• To prevent additional dust mites from making their home in your pillows and mattress

It is important to note that not all mattress and pillow covers are designed for this function. Some may have pores big enough for dust mites to slip through. If you are thinking of buying a dust mite cover, make sure that the manufacturer explicitly states that the product can protect against mites. For dust mite pillow covers, you can expect to pay $10 to $20 per pillow. Mattress covers can range from $15 to $100, depending on the type of cover and the size of your bed.

Hypoallergenic bedding

The term “hypoallergenic bedding” can be used in two different ways. Some manufacturers claim that their bedding is hypoallergenic because it is made with fabrics and dyes that are not likely to cause an allergic reaction in people with sensitive skin. Others use the term to describe tightly-woven comforters, sheets and pillowcases that they allege are less likely to accumulate dust mites and other allergens.

Just like all types of bedding, hypoallergenic bedding prices vary widely depending on the style and brand of the bedding, as well as the size of the bed. There are a variety of options available for most price ranges.

Hypoallergenic mattresses and pillows

The hollow space inside of spring and coil mattresses can easily accumulate dust and moisture, making it a welcoming home for dust mites. Foam and natural mattresses are often touted as being hypoallergenic because they do not have nearly as much hollow space, meaning that they may not attract dust mites as much as other types of mattresses.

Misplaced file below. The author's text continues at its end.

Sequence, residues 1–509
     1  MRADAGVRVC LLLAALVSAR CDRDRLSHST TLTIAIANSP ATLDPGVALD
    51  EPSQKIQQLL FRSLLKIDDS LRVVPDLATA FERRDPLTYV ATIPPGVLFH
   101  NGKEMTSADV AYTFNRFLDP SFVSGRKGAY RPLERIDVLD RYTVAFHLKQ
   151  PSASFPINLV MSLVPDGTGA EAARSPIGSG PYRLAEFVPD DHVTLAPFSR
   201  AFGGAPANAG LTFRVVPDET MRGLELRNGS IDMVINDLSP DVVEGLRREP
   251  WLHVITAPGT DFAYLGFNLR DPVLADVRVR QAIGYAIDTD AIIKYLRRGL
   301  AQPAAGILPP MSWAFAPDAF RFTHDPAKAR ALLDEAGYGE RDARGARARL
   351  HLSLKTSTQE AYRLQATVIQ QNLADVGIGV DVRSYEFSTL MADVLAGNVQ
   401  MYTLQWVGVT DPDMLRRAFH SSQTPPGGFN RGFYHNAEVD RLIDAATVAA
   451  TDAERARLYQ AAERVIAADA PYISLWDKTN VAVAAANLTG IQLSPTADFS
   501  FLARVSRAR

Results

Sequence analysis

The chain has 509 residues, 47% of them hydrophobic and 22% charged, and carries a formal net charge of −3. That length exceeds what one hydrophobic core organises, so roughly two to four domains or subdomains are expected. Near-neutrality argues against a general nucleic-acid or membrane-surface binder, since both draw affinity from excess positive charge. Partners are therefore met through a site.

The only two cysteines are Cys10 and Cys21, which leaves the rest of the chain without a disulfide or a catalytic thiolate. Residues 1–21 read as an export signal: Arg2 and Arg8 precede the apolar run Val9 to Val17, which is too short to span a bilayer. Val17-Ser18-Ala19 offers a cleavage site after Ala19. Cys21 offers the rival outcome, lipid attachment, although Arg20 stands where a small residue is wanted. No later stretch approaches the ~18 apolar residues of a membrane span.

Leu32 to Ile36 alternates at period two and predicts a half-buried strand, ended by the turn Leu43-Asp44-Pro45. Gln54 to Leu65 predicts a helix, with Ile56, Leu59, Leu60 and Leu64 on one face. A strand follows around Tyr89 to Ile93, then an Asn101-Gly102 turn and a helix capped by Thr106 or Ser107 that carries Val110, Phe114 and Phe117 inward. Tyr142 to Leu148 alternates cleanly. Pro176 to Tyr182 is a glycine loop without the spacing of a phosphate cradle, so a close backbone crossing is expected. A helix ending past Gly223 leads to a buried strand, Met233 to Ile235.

Hypoallergenic pillows are marketed as an alternative to dust-mite-friendly down pillows. Like hypoallergenic mattresses, these pillows are typically made with memory foam or natural latex. Some even claim to wick away the warm moisture in which dust mites thrive.

Hypoallergenic pillows typically cost between $20 and $50 each and are often available in sets of two. Hypoallergenic mattress prices vary depending on the brand and mattress size, but new mattresses (especially those that you will actually enjoy sleeping on) can cost up to $1,000 or more.

Which products can actually keep dust mites out of your bed?

All of the above products claim to help alleviate allergy symptoms caused by dust mites, but do they actually work? Unfortunately, experts disagree about whether these dust mite defenses can help relieve mite-related symptoms in patients with allergies and asthma.

Some studies, including this one from 2002, have found that mattress covers can be effective in preventing an increase in dust mite sensitivity for those with asthma. On the other hand, a 2008 review of dust mite control studies concluded that there might not be enough evidence to support the health benefits of dust mite reduction techniques, including dust mite covers. However, the review’s authors note that dust mites are not the only allergen found in homes and they acknowledge the possibility that the continued allergy symptoms experienced by patients may be due to factors other than dust mites (Gøtzsche & Johansen, 2008).